Mom still occupies a special place in the hearts and minds of Americans — Mother’s Day spending is expected to total a record $28.1 billion this year, up $1.4 billion from 2020, according to an annual survey released by the National Retail Federation.
Approximately 83% of U.S. adults are expected to celebrate the annual holiday on Sunday, the industry organization said. Almost half the nation — 49% — plan to take the moms in their life out to dinner or some special outing. Those moms include mother or stepmother, wife, daughter, grandmother, sister, friend, godmother or “other relative,” according to the group’s research.
Greeting cards and flowers still dominate the shopping list for Mother’s Day shoppers, followed by gift cards, clothing, jewelry, housewares, gardening tools, personal services like a spa visit, and books or CDs.
“There is a lot of consumer optimism around Mother’s Day this year as more people are getting vaccinated and stimulus checks are being distributed,” said the organization’s president and CEO Matthew Shay.
“For many, this is a chance to make up for last year’s Mother’s Day when we were under lockdown,” he noted. Consumers plan to spend an average of $220.48 on Mother’s Day items — $16 more than they planned to spend last year and the highest in the organization’s records. This year’s survey of 7,818 U.S. adults 18 was conducted April 1-9 and released April 22. Records also fell in travel, in the meantime.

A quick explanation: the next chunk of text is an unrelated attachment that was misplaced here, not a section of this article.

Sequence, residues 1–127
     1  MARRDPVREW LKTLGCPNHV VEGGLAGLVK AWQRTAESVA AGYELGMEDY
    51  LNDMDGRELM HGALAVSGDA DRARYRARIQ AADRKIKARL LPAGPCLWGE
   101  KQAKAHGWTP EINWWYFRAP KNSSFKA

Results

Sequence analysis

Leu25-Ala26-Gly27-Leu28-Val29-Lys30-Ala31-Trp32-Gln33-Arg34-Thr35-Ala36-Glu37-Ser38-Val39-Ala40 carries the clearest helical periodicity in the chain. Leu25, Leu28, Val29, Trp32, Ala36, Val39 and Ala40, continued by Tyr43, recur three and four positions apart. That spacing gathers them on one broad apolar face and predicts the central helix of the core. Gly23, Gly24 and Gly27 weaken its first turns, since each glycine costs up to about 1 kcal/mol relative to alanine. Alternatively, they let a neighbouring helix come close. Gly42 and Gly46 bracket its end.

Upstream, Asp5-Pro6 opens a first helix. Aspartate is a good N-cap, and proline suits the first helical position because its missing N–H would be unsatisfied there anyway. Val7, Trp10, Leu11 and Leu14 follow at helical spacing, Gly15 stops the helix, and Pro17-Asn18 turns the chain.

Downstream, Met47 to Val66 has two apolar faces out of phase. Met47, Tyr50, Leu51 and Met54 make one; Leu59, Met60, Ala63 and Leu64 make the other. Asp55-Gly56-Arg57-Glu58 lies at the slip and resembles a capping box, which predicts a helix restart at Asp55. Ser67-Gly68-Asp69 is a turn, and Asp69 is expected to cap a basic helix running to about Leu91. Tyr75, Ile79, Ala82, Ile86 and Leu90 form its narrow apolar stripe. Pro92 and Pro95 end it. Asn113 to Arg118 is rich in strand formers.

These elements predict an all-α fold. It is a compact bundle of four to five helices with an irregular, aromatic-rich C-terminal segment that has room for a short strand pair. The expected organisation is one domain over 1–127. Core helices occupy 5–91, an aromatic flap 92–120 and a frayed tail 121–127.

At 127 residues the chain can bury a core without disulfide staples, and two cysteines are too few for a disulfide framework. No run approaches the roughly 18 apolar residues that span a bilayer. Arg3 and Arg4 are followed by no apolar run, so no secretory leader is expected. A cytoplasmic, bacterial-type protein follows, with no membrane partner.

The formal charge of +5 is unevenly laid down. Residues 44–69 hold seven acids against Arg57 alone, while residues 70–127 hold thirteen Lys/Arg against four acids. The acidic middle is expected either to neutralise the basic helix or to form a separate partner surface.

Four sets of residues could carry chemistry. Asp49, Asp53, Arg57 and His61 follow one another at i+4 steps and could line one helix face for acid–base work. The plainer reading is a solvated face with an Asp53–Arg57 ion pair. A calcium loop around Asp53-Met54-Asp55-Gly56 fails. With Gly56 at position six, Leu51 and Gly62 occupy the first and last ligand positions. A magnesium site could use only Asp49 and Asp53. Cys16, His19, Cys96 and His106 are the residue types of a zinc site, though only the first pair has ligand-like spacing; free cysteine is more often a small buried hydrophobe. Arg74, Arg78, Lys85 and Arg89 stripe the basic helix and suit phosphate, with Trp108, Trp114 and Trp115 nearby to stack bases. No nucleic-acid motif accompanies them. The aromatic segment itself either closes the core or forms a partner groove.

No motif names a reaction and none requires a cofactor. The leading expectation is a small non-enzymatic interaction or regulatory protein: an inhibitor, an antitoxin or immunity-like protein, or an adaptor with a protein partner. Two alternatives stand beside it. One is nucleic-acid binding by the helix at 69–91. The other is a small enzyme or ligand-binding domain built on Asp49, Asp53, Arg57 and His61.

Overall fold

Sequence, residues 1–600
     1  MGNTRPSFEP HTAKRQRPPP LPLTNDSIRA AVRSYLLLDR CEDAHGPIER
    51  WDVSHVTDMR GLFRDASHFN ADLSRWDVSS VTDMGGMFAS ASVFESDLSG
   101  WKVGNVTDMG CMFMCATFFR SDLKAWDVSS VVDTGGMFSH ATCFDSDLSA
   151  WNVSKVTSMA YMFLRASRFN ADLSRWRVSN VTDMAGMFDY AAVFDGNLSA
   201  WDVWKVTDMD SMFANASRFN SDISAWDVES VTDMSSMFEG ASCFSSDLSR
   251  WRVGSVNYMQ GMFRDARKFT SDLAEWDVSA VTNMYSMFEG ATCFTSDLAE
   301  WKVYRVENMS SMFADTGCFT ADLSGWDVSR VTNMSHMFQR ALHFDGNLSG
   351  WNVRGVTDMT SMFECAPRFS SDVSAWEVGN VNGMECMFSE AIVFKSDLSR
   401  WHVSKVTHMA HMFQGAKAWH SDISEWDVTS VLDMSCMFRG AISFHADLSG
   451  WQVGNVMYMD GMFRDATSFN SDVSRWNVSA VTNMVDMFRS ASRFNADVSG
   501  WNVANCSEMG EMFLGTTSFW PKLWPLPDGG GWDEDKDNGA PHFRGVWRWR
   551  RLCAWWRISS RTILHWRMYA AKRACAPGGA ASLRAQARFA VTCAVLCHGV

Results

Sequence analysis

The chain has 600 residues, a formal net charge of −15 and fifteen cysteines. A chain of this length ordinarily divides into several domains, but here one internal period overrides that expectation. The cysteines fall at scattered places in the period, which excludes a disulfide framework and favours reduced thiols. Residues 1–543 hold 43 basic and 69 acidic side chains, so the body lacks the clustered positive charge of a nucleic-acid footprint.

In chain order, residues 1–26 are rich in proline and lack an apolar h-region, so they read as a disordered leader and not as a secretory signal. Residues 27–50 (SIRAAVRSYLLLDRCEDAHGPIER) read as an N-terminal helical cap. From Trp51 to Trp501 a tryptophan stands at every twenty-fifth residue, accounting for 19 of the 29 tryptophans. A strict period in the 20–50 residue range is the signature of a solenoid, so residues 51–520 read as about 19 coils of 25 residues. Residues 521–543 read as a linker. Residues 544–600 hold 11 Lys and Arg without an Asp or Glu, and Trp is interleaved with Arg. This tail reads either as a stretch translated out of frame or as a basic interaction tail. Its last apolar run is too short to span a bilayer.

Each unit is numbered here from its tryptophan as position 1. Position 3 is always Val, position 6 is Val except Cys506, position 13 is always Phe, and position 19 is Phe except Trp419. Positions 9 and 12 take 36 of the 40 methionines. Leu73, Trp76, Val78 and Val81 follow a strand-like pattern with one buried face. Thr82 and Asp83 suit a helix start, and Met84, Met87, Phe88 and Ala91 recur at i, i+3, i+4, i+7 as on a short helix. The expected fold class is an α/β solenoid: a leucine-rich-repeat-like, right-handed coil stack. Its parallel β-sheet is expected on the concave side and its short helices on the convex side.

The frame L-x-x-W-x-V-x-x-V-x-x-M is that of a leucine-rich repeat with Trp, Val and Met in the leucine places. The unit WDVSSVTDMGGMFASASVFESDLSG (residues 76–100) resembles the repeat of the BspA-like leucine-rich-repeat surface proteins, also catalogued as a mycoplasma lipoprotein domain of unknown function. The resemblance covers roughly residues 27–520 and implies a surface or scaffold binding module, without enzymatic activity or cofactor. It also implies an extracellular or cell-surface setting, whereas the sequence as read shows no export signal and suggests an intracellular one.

“On Friday, a record 1.7 million people were screened at security checkpoints, rewriting the record set just 24 hours earlier, when about 1.64 million people were screened at U.S. airports Thursday, the busiest day for air travel since March 2020, the early days of the coronavirus pandemic,” said a USA Today analysis of air travel statistics from the U.S. Transportation Security Administration.
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